Muddy was the first to record Willie Dixon's future blues classic 'I'm Ready,' on September 1, 1954.
'Wheels Of Fire' introduced the classic ‘White Room’ and other great performances by the rock trio.
Though a groundbreaking songwriter, when the idiosyncratic Chuck Berry took on the blues, he did it his own way – as an intriguing 1983 compilation proves.
Chess Records laid the foundation for rock’n’roll, and its influence can still be felt today, as this guide to the 10 best Chess blues records shows.
From fleeting, backstage hangs to longtime creative partnerships, the best musical friendships come in all forms.
In 1956, the great bluesman recorded his commemoration of a Mississippi tragedy.
Penned by Willie Dixon, Otis Rush’s song has inspired rip-roaring versions from both Led Zeppelin and The Rolling Stones.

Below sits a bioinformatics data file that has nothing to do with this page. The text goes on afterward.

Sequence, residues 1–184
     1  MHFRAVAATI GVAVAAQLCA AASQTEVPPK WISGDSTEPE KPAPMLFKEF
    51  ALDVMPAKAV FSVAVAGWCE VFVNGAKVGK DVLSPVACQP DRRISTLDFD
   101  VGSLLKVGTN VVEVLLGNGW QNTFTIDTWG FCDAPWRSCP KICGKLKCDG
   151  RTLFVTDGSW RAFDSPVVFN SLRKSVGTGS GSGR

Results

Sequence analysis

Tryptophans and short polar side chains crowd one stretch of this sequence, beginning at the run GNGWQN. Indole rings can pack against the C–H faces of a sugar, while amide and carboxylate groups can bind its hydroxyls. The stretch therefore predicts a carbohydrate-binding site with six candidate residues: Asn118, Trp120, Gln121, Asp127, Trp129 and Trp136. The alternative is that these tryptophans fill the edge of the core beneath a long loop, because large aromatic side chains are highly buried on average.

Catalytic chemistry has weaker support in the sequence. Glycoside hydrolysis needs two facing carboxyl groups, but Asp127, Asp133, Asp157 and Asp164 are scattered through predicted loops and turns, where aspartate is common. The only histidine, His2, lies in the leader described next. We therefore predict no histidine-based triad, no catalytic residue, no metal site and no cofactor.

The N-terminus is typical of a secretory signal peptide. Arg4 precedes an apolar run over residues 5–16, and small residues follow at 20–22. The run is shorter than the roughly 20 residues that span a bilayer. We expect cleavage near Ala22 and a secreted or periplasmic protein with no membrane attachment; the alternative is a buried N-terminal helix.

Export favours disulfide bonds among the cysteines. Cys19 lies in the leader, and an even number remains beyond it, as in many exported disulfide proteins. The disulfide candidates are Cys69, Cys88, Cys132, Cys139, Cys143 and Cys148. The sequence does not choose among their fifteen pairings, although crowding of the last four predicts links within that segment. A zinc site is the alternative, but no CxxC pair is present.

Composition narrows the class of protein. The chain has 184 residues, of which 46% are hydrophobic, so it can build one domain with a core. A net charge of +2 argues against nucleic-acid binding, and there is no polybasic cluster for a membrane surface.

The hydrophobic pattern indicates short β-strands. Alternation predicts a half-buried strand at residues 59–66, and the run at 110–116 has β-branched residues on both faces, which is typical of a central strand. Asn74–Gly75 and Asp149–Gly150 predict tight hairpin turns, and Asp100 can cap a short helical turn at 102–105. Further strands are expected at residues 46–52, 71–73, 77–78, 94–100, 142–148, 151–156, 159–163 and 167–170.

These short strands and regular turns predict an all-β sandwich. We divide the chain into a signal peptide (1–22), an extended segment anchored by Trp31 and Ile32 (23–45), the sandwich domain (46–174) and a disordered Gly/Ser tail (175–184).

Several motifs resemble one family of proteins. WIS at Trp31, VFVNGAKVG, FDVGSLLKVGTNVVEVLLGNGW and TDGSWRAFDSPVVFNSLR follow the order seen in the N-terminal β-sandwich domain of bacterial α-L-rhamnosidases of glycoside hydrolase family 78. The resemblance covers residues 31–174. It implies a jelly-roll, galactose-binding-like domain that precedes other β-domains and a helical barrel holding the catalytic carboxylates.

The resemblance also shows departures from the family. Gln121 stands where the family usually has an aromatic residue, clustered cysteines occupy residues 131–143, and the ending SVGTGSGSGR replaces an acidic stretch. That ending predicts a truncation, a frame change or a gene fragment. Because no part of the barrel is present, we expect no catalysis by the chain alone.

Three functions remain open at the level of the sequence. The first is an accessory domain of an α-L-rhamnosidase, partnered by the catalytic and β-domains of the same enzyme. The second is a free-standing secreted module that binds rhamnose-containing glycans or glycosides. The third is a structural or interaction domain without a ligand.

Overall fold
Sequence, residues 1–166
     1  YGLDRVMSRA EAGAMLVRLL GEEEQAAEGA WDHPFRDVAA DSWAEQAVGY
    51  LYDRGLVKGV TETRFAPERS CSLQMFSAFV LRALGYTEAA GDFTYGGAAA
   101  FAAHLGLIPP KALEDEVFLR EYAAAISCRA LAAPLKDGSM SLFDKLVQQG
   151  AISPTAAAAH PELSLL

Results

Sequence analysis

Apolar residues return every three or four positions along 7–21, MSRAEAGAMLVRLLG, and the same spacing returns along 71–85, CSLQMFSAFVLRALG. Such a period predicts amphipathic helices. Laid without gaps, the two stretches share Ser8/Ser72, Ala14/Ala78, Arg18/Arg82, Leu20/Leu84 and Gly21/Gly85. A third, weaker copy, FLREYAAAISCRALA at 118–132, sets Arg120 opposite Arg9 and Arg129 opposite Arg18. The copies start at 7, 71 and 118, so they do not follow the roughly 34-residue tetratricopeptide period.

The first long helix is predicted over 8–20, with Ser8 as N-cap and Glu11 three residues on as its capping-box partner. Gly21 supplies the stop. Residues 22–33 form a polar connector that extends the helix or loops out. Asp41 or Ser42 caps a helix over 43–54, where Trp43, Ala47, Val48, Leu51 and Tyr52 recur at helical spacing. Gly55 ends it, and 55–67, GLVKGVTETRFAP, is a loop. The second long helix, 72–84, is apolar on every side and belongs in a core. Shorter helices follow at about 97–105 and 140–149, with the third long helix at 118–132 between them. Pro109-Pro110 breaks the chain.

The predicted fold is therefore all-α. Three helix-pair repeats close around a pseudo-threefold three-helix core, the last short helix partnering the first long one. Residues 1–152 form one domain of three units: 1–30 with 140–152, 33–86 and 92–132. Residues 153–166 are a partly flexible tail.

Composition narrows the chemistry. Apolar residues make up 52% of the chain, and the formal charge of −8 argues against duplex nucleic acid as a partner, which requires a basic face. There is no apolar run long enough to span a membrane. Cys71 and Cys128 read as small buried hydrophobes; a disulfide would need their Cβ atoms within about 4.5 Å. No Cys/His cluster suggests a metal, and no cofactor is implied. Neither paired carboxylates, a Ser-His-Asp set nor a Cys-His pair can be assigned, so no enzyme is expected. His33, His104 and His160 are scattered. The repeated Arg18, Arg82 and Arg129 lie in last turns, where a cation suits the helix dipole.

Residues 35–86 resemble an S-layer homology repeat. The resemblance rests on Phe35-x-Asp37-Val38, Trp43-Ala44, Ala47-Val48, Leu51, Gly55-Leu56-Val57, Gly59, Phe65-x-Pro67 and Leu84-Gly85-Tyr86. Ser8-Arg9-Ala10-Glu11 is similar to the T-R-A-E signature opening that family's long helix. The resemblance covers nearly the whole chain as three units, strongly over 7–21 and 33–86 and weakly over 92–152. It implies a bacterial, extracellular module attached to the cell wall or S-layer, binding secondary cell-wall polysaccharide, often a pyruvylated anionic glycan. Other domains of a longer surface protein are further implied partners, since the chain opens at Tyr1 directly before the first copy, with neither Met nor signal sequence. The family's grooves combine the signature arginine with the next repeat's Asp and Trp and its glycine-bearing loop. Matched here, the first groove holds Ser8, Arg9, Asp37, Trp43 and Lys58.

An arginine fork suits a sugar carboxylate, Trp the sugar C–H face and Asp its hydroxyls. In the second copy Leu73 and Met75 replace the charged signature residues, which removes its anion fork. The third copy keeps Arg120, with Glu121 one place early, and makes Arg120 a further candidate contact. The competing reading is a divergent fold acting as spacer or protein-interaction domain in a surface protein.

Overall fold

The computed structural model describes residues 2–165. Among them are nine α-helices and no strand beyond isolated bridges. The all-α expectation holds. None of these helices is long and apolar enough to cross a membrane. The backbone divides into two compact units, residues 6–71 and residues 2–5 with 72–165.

Long before the Pretenders made 'I Go To Sleep' their own, there was the 1965 version by the great vocal stylist.
Four mighty strings and 50 mighty players: the best bassists are the ones who carve out signature sounds and play as many memorable licks as the guitarists.
Willie Dixon's composition was inspired by Esso Gasoline's popular advertising campaign.
Despite his relatively young age, he had a recording career that spanned a remarkable 50 years.
After years of toil, the Scottish frontman and his band were en route to the UK album top ten.
Recorded in four days, The Rolling Stones’ debut album honoured the blues and introduced the band to America as “England’s newest hit makers”.
Willie Dixon was a fixer, arranger, talent scout, boxer, performer and songwriter, who did more to shape the sound of post war Chicago blues than any other.
One of the building blocks of rock’n’roll, Willie Dixon’s ‘Hoochie Coochie Man’ has been recorded by everyone from Muddy Waters to and Motörhead.